Short Stories

Mother Belly Deceitful

I was around sixteen years old when Brawdy climbed the Mango tree next door.
 He scaled the fence faster than a monkey and blasted up the mango tree like a squirrel. We readily awaited the mangoes, our eyes fixated on the juicy, oblong fruits on the tree that we forgot to be a look-out for Mr.Buckner, the mango tree owner. We heard the sudden halt of the Bicycle brakes and dashed down the street at lightning speed leaving Brawdy alone in the Mango Tree to face Mr. Buckner’s wrath. 
Five minutes later and Brawdy’s mother huffed and puffed her way up the street, with a beach towel wrapped around her waist, still wearing her night gown, and bra less in the afternoon sun. The smoke chimneying from her ears and nostrils told us there would be ‘bangarang’ in the community that evening. Mr. Buckner was furious that Brawdy climbed the tree without his permission and worse he had the audacity to come over the fence and not through the gate. Mr. Buckner spoke in harsh tones and said. ” A that’s why them grow come tun thief and murderer. A train them a train from now fe come over people yard come take them things when them not home and see the mumma a run a come cuss me now”
He did get a good tongue lashing from Brawdy’s mother who chided Mr. Buckner for calling down “disgrace on her son” over few measly mangoes on a tree. She emphasized that she was not “deading” for hungry. 
short story JamaicaMr. Buckner retorted. ” A that’s why police end up shoot them cause when them do wrongs unoo shield them and cuss people instead of showing them the err in their ways”
I was somewhat embarrassed by what happened and my father warned us about taking things from people’s yard without asking for it. I understood what he meant now.I  was there and I agreed for Brawdy to risk going over the fence for the mangoes therefore I was just as culpable as him. Brawdy called names and told his mother “who and who” were with him and would benefit from the loot. His mother hissed.
  “And the whole a them gone left you. You seet say company anno good something though? That is why you must low friend”.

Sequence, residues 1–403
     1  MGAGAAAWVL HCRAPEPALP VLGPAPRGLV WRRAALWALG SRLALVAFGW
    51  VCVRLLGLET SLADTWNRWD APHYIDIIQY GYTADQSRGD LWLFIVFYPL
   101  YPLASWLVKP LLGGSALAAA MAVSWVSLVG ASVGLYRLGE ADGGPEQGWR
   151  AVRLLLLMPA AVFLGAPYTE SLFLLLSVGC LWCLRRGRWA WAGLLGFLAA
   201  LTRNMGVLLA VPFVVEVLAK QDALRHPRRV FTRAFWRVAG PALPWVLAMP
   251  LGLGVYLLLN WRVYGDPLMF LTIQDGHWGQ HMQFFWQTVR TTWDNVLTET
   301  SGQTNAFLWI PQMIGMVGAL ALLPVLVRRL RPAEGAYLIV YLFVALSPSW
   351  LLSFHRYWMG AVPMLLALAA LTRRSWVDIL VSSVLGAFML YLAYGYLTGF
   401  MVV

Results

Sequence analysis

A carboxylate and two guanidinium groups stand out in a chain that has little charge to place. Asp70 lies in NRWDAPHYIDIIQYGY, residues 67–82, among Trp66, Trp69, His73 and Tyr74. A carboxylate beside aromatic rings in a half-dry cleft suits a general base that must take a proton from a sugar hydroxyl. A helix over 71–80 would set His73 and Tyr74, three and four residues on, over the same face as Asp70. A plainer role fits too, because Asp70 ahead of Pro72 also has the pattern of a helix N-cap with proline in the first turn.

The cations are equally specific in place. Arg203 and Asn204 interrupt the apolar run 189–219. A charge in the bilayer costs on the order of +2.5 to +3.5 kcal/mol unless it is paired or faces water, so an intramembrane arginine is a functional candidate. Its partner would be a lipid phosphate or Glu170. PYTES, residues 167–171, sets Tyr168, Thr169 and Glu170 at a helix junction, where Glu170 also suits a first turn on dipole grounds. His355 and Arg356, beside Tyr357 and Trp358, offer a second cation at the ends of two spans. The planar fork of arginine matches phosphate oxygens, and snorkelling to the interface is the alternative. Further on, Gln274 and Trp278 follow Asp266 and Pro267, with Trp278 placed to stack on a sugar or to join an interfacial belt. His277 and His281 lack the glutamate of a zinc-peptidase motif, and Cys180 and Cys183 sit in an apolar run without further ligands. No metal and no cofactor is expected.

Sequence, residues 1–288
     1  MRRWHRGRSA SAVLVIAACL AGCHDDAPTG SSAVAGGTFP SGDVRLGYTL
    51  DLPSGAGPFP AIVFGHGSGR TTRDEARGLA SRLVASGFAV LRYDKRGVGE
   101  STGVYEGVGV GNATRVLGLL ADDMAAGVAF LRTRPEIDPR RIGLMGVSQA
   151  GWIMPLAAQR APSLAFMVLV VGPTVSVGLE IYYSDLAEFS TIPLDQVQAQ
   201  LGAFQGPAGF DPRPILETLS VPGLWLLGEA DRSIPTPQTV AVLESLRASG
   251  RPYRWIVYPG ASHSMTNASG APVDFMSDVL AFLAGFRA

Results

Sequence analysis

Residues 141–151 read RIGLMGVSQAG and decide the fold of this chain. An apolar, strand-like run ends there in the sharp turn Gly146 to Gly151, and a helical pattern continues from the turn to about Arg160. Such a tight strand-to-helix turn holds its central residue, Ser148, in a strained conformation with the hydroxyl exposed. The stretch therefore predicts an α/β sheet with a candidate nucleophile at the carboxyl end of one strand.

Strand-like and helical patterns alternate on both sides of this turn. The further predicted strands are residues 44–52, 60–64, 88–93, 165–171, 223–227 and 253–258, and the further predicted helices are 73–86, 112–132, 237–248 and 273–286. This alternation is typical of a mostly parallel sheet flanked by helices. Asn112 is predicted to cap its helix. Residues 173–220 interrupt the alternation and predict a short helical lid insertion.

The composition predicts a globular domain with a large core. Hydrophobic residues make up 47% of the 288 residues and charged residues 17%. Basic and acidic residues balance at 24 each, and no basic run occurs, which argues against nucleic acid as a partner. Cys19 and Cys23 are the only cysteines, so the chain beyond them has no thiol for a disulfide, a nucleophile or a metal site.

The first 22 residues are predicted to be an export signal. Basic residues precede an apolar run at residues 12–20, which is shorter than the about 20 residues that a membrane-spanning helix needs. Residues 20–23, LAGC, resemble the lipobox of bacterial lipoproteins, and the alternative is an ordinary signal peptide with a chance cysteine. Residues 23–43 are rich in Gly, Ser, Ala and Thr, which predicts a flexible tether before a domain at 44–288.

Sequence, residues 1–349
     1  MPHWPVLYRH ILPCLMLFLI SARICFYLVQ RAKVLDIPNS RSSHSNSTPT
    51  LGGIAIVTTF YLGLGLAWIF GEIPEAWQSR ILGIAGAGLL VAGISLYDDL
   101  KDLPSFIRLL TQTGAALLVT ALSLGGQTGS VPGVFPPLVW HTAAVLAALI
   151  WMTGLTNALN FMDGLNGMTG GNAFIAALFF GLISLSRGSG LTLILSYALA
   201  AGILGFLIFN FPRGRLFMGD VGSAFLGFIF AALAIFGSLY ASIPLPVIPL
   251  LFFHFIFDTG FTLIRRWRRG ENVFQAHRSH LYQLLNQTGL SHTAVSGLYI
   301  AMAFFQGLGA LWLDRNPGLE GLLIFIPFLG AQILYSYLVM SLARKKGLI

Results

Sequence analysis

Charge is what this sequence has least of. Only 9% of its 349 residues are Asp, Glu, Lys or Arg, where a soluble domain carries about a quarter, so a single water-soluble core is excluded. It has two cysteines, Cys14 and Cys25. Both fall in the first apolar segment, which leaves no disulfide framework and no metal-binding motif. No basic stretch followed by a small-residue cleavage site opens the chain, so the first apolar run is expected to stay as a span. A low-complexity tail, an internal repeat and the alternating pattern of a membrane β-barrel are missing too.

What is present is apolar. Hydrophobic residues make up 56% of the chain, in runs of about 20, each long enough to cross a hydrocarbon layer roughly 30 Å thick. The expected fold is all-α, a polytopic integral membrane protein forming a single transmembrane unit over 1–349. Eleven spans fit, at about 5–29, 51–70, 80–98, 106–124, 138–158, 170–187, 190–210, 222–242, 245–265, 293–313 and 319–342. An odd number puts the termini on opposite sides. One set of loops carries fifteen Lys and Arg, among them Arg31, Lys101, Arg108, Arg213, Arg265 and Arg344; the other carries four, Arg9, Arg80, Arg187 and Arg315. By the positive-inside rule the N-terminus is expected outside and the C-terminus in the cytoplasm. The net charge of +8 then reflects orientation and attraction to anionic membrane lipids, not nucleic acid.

Brawdy got several quick slaps leveled at the back of his head and shoves in the direction of his home as his mom shot daggers our way. We huddled behind the Hibiscuses and prayed our parents did not find out that we somehow contributed to the uproar. 
I learnt a few things from that experience and in retrospect Mr. Buckner’s response was hurting but may hold several truths to it. Today Brawdy is laying in a tomb in the Cemetery, gunned down a few years ago by unknown assailants. I am not saying Brawdy is dead because he stole mangoes as a kid. Raiding fruit trees was all the rave for children growing up in the early nineties.I think his mother did a poor job of parenting by cussing off Mr Buckner instead of asking Brawdy to apologize to the man. She behaved like many parents did; who instead of doing what is right are more concerned about saving face and winning an argument. 
Brawdy spent his short life “brucking shop, terrorizing people’s building materials and being an all around petty criminal”. Every time someone went to his mother about what he did, she would “cuss and galang” bad, run people from her gate and “nyam Bible leaf” say ” a lie dem a tell pon her pickney. Sometimes she would say a free things and how nobody do not want it so the boy should “use up free things”. Other times when things looked serious and the boy was guilty for police found the goods in his possessions, she would walk up and down with her hands on her head and beg for mercy from the victims. She would say. ” A the whole a we live yah so make we just put it good.” The victims knowing Brawdy from he was a little boy would drop the charges and Brawdy would boast that they did it because they were afraid of him and “what and what” he could do if anyone ever testified against him. Before the week was out, Brawdy would take something again.